learning_rate = 0.1

#w1=numpy.random.rand()
#w2=numpy.random.rand()
#w3=numpy.random.rand()
#w4=numpy.random.rand()
#w5=numpy.random.rand()
#w6=numpy.random.rand()
#w7=numpy.random.rand()
#w8=numpy.random.rand()
#w9=numpy.random.rand()
#w10=numpy.random.rand()
w = numpy.random.rand(10)

#print("Initial W : ", w1, w2, w3, w4, w5, w6, w7, w8, w9, w10)
print("Initial W : ", w)

for k in range(1000000000):
# Forward Pass
#    y = w1*x1 + w2*x2 + w3*x3 + w4*x4 + w5*x5 + w6*x6 + w7*x7 + w8*x8 + w9*x9 + w10*x10
y = numpy.sum(w*x)
predicted = sigmoid(y)
err = error(predicted, target)

# Backward Pass
g1 = error_predicted_deriv(predicted, target)

g2 = sigmoid_sop_deriv(y)

#    g3w1 = sop_w_deriv(x1)
#    g3w2 = sop_w_deriv(x2)
#    g3w3 = sop_w_deriv(x3)
#    g3w4 = sop_w_deriv(x4)
#    g3w5 = sop_w_deriv(x5)
#    g3w6 = sop_w_deriv(x6)
#    g3w7 = sop_w_deriv(x7)
#    g3w8 = sop_w_deriv(x8)
#    g3w9 = sop_w_deriv(x9)
#    g3w10 = sop_w_deriv(x10)
g3 = sop_w_deriv(x)
#    g3 = numpy.array([sop_w_deriv(x_) for x_ in x])

#    w1 = update_w(w1, gradw1, learning_rate)
#    w2 = update_w(w2, gradw2, learning_rate)
#    w3 = update_w(w3, gradw3, learning_rate)
#    w4 = update_w(w4, gradw4, learning_rate)
#    w5 = update_w(w5, gradw5, learning_rate)
#    w6 = update_w(w6, gradw6, learning_rate)
#    w7 = update_w(w7, gradw7, learning_rate)
#    w8 = update_w(w8, gradw8, learning_rate)
#    w9 = update_w(w9, gradw9, learning_rate)
#    w10 = update_w(w10, gradw10, learning_rate)

print(predicted)

After removing the comments, the code is given below. The code is now very clear.

import numpy

def sigmoid(sop):
return 1.0/(1+numpy.exp(-1*sop))

def error(predicted, target):
return numpy.power(predicted-target, 2)

def error_predicted_deriv(predicted, target):
return 2*(predicted-target)

def sigmoid_sop_deriv(sop):
return sigmoid(sop)*(1.0-sigmoid(sop))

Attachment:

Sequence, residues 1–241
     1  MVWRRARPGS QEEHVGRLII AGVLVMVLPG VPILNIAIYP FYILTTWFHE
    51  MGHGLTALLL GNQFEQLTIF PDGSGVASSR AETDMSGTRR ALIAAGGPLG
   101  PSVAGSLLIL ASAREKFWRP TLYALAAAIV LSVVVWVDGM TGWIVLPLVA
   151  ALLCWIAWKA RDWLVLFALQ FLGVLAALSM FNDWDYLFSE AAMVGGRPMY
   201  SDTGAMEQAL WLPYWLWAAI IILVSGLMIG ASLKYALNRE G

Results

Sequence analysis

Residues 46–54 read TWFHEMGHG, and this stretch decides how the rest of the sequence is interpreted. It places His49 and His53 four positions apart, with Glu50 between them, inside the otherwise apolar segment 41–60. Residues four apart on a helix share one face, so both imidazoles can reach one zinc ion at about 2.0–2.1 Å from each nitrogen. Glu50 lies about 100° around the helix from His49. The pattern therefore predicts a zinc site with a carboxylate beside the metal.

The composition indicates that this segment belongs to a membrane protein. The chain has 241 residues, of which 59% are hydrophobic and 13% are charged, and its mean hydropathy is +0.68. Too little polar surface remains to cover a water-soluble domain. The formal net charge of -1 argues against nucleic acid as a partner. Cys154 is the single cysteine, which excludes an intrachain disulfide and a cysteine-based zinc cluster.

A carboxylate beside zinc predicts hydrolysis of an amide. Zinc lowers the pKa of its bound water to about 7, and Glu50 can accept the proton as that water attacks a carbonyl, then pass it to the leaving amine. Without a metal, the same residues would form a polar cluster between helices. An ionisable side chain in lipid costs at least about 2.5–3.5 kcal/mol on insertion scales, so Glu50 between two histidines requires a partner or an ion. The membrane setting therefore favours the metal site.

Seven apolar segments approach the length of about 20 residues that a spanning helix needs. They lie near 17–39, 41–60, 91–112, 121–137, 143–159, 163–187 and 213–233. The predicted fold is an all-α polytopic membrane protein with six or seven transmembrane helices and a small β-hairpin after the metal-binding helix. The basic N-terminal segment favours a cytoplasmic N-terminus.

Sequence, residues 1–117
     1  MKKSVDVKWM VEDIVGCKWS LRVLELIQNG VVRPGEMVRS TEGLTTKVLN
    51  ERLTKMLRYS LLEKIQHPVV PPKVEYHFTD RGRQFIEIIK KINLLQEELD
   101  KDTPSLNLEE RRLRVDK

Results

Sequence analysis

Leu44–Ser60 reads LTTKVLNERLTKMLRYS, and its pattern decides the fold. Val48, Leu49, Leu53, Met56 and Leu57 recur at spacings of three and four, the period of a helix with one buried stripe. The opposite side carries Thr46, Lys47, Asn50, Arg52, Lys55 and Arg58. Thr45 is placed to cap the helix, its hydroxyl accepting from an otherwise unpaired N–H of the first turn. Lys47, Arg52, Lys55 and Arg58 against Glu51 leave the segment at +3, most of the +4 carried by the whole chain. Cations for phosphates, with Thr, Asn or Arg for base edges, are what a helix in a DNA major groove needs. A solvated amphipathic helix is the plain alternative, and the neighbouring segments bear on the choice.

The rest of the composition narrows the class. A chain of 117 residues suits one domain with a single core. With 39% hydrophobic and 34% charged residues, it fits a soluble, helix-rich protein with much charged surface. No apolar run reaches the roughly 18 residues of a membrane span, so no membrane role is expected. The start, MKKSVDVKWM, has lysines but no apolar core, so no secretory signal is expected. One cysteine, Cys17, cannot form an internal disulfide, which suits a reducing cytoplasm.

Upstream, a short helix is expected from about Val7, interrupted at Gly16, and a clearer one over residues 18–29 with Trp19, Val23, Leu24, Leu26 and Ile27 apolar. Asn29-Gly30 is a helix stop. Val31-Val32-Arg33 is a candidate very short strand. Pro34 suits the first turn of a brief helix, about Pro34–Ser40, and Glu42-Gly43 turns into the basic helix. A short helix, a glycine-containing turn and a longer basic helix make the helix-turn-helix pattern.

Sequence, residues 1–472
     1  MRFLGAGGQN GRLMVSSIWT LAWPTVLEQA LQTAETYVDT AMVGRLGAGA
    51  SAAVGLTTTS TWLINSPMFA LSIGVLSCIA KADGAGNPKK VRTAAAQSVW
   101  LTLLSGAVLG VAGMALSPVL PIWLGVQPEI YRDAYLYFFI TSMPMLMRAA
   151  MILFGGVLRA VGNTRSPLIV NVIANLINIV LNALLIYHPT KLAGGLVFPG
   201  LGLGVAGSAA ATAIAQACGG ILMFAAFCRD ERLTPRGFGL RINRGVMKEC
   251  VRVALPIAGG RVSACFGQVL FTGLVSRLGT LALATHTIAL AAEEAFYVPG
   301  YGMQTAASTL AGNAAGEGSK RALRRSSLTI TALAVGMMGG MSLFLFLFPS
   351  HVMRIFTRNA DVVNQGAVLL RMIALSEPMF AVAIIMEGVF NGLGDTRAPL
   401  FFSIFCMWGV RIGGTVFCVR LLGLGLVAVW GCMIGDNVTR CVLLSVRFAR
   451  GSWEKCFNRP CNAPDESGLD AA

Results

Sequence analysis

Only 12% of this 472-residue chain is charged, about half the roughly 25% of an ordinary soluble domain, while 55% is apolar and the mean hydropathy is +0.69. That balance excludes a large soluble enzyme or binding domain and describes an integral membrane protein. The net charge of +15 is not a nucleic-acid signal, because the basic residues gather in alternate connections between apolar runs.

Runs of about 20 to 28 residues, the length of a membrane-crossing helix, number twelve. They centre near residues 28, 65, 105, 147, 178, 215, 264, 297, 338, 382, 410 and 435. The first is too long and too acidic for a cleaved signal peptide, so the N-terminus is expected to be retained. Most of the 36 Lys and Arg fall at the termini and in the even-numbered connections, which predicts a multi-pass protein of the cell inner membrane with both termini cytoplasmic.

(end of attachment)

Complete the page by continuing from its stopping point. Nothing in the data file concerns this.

def sop_w_deriv(x):
return x

x = numpy.array([0.1, 0.4, 1.1, 1.3, 1.8, 2.0, 0.01, 0.9, 0.8, 1.6])
target = numpy.array([0.2])

learning_rate = 0.1

w = numpy.random.rand(10)

print("Initial W : ", w)

for k in range(1000000000):
# Forward Pass
y = numpy.sum(w*x)
predicted = sigmoid(y)
err = error(predicted, target)

# Backward Pass
g1 = error_predicted_deriv(predicted, target)

g2 = sigmoid_sop_deriv(y)

g3 = sop_w_deriv(x)

print(predicted)

Suppose that we are looking to create a network with 5 inputs, we can simply make 2 changes:

1. Preparing the input array xto just have 5 values.
2. Replacing 10 by 5 inside numpy.random.rand().

The code that works for 5 inputs is given below.

import numpy

def sigmoid(sop):
return 1.0/(1+numpy.exp(-1*sop))

def error(predicted, target):
return numpy.power(predicted-target, 2)

def error_predicted_deriv(predicted, target):
return 2*(predicted-target)

def sigmoid_sop_deriv(sop):
return sigmoid(sop)*(1.0-sigmoid(sop))

def sop_w_deriv(x):
return x

x = numpy.array([0.1, 0.4, 1.1, 1.3, 1.8])
target = numpy.array([0.2])

learning_rate = 0.1

w = numpy.random.rand(5)

print("Initial W : ", w)

for k in range(1000000000):
# Forward Pass
y = numpy.sum(w*x)
predicted = sigmoid(y)
err = error(predicted, target)

# Backward Pass
g1 = error_predicted_deriv(predicted, target)

g2 = sigmoid_sop_deriv(y)

g3 = sop_w_deriv(x)

print(predicted)

## Conclusion

At this point, we successfully implemented the GD algorithm for working with an ANN with an input layer and an output layer where the input layer can include any number of inputs. In the next tutorial, this implementation will be extended to add a single hidden layer to the ANN and be optimized using the GD algorithm.